Moira Buffini’s Loveplay opened last Thursday as part of the University of Alberta Studio Theatre series, directed by faculty member Jan Selman. I saw it the night before opening along with a very responsive preview crowd, full of sighs and squeals of delight and “Awww”s and “you owned him girl!“s, and I thought it was a lot of fun.
The play showcases ten vignettes of some kind of sexual or romantic interaction, taking place at the same location at different times in history, from Roman Britain to the present. Each scene starts with some kind of title card introducing the era, in some format consistent with the design (the Roman Britain one looked like chiseled stone). The six performers in the show (Nikki Hulowski, Maxwell Theodore Lebeuf, Kabriel Lilly, Dylan Parsons, Zvonimir Rac, and Morgan Yamada) each played multiple roles, as well as assisting the running crew with transitions.
I appreciated the playwright’s choice to include a glimpse of sexual assault but not to make it either the first or the last story. In a particularly disturbing Dark Ages scene, three men (Lebeuf, Parsons, and Rac) discuss the woman they are consecutively assaulting (Lilly) in chillingly dehumanized terms, and after they leave her for dead she howls in solitary anguish, conveying the impression of hopelessness with no expectation of revenge or justice. The performers in this scene balance the horrific situation with the ordinary dialogue sensitively.
The most light-hearted scenes in the narrative are those of the Renaissance (1584) and the Age of Innocence (1969), both of which include Hulowski and Rac playing a couple of long duration. The Renaissance scene opens with Lebeuf and Hulowski declaiming heightened dialogue about their true love, which turns out to be rehearsal of a playwright (Rac)’s autobiographical work-in-progress. This offers lots of amusing opportunity for humour about the creative process, about 16th century theatre, and about the trajectory of a romantic relationship between a young woman and her tutor. The Age of Innocence scene is about a young couple attempting to host some kind of free-love drop-in encounter for the first time and getting cold feet, while their guests (Parsons and Lilly) seek relief from their relationship ennui.
Various other scenes explore power imbalances in sexual relationships (Yamada as governess in Lebeuf’s 1823 household, Parsons as an artisan hired by Enlightenment-era scientist Lilly to satisfy her curiosity about the male form) and prostitution (Yamada’s two prostitute characters both seem to be independent businesswomen taking charge in their relationships with their clients).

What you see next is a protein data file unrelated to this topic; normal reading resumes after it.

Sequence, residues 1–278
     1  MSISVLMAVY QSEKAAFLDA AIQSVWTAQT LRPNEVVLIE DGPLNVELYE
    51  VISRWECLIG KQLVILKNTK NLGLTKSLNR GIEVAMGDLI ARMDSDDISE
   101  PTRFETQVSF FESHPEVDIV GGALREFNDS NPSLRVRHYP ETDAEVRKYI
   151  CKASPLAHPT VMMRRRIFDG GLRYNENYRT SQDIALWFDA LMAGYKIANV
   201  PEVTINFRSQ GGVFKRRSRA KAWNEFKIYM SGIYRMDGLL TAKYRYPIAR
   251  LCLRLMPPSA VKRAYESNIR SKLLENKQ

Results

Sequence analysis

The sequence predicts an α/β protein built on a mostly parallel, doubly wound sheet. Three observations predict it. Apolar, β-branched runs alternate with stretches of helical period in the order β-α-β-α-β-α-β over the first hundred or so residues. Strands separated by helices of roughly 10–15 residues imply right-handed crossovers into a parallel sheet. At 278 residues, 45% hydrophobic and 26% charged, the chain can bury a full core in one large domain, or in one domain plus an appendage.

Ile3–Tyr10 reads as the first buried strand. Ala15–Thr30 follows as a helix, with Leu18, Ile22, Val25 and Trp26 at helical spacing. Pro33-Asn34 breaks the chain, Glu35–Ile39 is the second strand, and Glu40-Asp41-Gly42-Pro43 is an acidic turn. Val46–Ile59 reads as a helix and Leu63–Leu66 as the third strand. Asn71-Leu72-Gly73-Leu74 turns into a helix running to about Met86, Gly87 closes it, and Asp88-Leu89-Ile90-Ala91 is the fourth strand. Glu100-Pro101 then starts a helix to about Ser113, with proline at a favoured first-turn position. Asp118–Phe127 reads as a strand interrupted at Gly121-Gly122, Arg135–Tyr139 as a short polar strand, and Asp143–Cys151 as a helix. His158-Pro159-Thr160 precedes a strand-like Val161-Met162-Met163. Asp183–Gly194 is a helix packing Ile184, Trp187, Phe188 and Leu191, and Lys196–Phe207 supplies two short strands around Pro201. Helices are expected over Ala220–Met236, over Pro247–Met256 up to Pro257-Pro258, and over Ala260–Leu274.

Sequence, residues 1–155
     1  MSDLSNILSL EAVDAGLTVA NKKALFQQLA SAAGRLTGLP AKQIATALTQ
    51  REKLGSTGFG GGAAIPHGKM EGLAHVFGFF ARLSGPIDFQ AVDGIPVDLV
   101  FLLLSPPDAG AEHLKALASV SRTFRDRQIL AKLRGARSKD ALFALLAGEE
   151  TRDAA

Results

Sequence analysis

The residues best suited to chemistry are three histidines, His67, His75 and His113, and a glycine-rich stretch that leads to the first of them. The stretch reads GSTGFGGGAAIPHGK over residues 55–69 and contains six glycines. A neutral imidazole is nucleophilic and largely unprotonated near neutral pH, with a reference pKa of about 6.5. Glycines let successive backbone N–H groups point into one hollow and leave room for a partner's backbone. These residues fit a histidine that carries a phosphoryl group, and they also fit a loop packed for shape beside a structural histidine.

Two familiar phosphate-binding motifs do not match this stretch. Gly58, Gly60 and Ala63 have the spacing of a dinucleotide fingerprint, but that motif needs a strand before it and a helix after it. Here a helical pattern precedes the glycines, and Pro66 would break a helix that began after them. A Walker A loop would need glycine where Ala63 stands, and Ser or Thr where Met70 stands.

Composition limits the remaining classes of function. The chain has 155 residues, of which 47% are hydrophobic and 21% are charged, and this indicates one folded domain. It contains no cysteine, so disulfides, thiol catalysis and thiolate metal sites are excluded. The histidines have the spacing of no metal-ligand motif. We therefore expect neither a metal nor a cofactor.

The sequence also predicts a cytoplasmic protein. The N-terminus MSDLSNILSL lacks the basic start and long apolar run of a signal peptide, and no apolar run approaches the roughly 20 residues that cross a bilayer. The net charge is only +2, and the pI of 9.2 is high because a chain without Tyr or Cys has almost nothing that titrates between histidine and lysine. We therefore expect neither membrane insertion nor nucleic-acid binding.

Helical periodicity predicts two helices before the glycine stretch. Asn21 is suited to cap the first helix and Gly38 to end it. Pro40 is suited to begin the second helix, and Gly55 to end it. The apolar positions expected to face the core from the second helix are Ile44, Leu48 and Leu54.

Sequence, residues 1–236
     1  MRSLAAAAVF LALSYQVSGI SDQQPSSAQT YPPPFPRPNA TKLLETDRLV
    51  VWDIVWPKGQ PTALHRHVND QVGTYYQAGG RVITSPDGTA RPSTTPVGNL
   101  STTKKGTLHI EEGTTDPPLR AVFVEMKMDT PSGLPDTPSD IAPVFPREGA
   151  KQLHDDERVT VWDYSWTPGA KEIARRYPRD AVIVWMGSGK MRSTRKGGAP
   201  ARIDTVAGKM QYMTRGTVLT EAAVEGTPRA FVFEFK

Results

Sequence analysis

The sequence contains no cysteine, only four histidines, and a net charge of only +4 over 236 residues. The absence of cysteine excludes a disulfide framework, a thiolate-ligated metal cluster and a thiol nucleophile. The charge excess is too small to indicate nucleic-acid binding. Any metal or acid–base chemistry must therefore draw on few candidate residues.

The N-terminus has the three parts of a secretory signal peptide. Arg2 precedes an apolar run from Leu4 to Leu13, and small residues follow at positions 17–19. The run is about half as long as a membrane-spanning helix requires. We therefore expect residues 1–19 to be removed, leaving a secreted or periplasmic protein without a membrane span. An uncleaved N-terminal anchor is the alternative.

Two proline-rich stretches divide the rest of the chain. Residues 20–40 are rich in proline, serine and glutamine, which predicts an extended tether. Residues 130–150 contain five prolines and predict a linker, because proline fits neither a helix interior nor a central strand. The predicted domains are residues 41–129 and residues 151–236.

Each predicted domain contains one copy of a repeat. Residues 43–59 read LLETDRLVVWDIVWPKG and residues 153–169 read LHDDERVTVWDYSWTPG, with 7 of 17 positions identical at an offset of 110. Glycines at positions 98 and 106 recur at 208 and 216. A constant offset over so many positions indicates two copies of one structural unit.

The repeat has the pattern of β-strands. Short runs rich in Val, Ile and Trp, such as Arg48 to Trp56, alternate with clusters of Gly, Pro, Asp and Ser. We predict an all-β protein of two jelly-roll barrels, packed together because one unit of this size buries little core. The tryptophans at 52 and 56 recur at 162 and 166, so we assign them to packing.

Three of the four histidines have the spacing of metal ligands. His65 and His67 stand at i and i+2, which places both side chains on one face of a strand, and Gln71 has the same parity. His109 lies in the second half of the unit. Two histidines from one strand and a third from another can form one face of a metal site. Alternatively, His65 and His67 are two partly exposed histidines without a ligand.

More hopeful resolutions are seen in The Age of Empire (1898) and The Age of Excess (contemporary). In The Age of Empire, two men who had been friends as boys find new connection and “the birth of love” despite one being an artist and the other a married vicar. The Age of Excess is set in the office of a matchmaker (Lilly) who is preparing to introduce some clients despite her own romantic difficulties – her girlfriend/assistant (Hulowski) is angry with her for being unwilling to commit, and flirting with the clients in response. One of the clients (Parsons) embodies all the worst characteristics of entitlement and pickupartistry, from putting down the woman he’s meeting to whining “It’s not fair, why wasn’t she like that with me?” Yet the two clients who hit it off immediately and leave together (Yamada and Lebeuf) do so having each disclosed some aspects of their difficult history (she’s a divorcée and single parent; he’s a recovering alcoholic), so as an audience member I was left with the message that learning from mistakes and being open can lead to mutual happy relationships.
Throughout the journey through history, we encounter many observations on sexual politics and relationships that have relevance to current life. A character in the Renaissance comments on the perceived difference between a lover’s kiss and that of a wife, as “what you bestow and what I own.” A cloistered nun in the New Millennium (1099) scene wonders “why would a man choose such a life?” A later character mentions that there is no insult like “man-whore”, that what is an insult for a woman translates to “lover” for a man.
The simple set focuses on a sharply raked square platform, representing the square of land through the ages. Some of the set elements (walls, platforms) appeared for only one scene; others were seen later as ruins. Characters in the various eras made reference to previous uses or buildings, sometimes with dramatic irony (the Roman soldier is building a latrine, which the Dark Ages characters then assume must have been some type of temple).
Loveplay is light-hearted but not lightweight. Considering it along with the playwright’s Gabriel, I am looking forward to seeing her Blavatsky’s Tower cast with the other performers in the graduating BFA class at the end of this month. Loveplay continues until this Saturday, with tickets available at the door and at Tix on the Square.